Sea Adventures Over the Years
Lang for most of his life has lived near the water and has had access to boats. As a boy his family when they lived on Biggera Creek at Southport Queensland had a number of boats which he was operating alone and with his mates from a young age. See the story ” 1962 The Great Amphibious Expedition” as to how Lang used this strange vessel to start his first commercial enterprise as a 14 year old teenager.
In 1971 Lang was in the Army based in Lae, Papua New Guinea and saw an ad asking for a tender on a pearling lugger based in Thursday Island. He submitted a price and was completely surprised when notified that he was now a proud owner of a pearling lugger. The “Kelsia” was built in 1907 and after half a century pearling was bought by the government and used as a pearl-diving training vessel. It still had a 1930’s huge hand-start Gardiner diesel motor.
He managed to convince two army friends Terry Hayes and Roger Dundas to accompany him and the three of them flew to Thursday Island looking forward to an idyllic voyage back to Lae. Unfortunately “Kelsia” did not have any sails and hence with, very heavy masts, rocked and rolled her way across Torres Strait much to the discomfort of the boys.
After arriving in Lae the “Kelsia” was used for diving trips but met its demise when stolen from the Lae Yacht Club and run aground on Cape Killerton reef 100 miles south
In 1975/6 Lang and Bev often went out on Sydney Harbour with his best mate, John Salter’s, 45ft steel Yacht “Chrisanne”. This culminated in Lang taking her 3,000 km from Sydney to Townsville on a somewhat adventurous journey in wild weather when John was posted there.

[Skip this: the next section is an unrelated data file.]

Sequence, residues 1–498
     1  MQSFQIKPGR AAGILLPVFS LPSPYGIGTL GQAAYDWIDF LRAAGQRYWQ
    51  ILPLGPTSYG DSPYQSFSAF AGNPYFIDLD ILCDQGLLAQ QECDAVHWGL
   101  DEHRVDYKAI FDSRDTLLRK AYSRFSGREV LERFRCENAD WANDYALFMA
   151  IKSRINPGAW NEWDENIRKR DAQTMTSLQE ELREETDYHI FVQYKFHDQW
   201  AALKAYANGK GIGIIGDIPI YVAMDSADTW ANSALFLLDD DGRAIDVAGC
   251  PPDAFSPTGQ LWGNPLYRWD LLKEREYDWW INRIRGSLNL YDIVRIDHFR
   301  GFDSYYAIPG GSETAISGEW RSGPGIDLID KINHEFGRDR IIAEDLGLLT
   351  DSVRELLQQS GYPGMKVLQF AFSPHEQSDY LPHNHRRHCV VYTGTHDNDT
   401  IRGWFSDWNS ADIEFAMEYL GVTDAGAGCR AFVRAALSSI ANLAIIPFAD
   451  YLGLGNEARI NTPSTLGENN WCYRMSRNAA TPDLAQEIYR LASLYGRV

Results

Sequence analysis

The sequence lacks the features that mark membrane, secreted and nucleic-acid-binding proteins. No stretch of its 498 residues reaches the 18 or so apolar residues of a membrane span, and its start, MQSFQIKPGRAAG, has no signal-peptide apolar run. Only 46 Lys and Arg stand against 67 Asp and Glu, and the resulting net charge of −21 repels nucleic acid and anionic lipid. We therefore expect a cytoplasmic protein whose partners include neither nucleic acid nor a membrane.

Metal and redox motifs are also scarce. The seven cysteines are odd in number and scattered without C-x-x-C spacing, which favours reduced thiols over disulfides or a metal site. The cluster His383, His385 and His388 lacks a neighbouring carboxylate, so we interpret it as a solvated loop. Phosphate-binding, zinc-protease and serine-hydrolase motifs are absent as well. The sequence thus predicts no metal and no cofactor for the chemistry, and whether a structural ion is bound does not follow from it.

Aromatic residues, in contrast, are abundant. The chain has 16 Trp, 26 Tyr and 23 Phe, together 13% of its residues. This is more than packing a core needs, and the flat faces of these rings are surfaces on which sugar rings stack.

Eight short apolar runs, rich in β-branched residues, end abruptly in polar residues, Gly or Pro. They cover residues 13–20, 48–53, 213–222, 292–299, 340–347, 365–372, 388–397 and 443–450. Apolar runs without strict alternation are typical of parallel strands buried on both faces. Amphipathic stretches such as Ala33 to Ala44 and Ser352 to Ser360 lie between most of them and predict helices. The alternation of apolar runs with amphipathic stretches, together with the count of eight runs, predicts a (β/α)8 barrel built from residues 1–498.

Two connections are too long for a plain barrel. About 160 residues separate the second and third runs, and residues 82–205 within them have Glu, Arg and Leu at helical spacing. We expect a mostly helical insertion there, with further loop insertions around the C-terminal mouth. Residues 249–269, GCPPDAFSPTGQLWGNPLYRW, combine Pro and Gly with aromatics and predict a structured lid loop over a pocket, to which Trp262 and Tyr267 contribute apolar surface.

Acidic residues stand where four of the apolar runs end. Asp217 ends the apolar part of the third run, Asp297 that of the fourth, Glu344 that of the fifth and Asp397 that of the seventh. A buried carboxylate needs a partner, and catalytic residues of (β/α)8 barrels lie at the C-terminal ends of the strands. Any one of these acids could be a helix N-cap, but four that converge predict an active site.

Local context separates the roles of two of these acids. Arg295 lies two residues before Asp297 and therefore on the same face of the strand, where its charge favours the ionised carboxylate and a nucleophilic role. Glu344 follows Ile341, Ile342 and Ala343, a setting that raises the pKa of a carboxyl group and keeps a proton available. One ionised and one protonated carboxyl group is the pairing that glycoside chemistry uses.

In 1978 Lang was again posted to Lae, Papua New Guinea with the army and he and Geoff Wood initially purchased “The Overdraft” and then a 60 foot 1939 copra trading boat called “Katibi” This had the capacity to take about 30 people. All the adults did diving courses and the kids were given snorkelling qualifications and many weekends were spent on the magnificent reefs that ran along the coast from Lae and Salamaua. (See story 1979 Katibi down the NG Coast)
After Lang left the army in 1982 he purchased a Marine construction business with army mate Mick Reynolds. Equipment included work boats and a pile driving barge. Their work took them up and down the east coast of Queensland. Some of their biggest jobs were on Hamilton Island, Hayman Island, Thursday Island, Bowen and Tin Can Bay
Lang slowly undertook many courses and completed coastal and offshore deliveries, charter and dive-boat skipper work finally passing his exams for a Class 4 Certificate for ships up to 1,600 tons.
While working up and down the coast Lang spotted and bought an old line boat in Mackay called Sarina. He and mate Kim Pulfrey sailed it down to Brisbane in 1985
In 1995 Lang and Bev went to Bali and finished up with a beautiful Bowman charter yacht (in a deal involving exchanging a vintage aircraft and a Model T Ford). See the report of the trip from Bali to Brisbane in the story section.
Over the years Lang has undertaken several very interesting trips as Skipper of various vessels.
His most luxurious was a delivery of a 60ft Alaskan cruiser from Brisbane to Townsville. (see “1992 Acushla Voyage” in story section.)
Visits to Papua New Guines involved a project to recover two tugs from a remote Japanese logging camp on New Britain and tow them in tandem all the way to Lae across the Solomon Sea.
There was a midnight departure without navigation lights from Port Moresby in the 100ft “Heduru”, the old government health ship, to escape a tiny minded Port Master’s claims about unseaworthiness (due to paperwork, not vessel construction or equipment). This took the boat out of his clutches to Milne Bay.
A subsequent 3 week trip was to skipper “Heduru” with its air-conditoned cabins and crayfish barbecue each night for an Australian TV company. They were filming Bass fishing in the North Coast rivers all the way from Lae to the Trobriand Islands in perfect weather. It was hard but somebody had to do it.
Lang’s next trip to PNG was to skipper the Solomon Trader, a large coastal vessel, set up with dredging equipment to deepen the Lae Port area.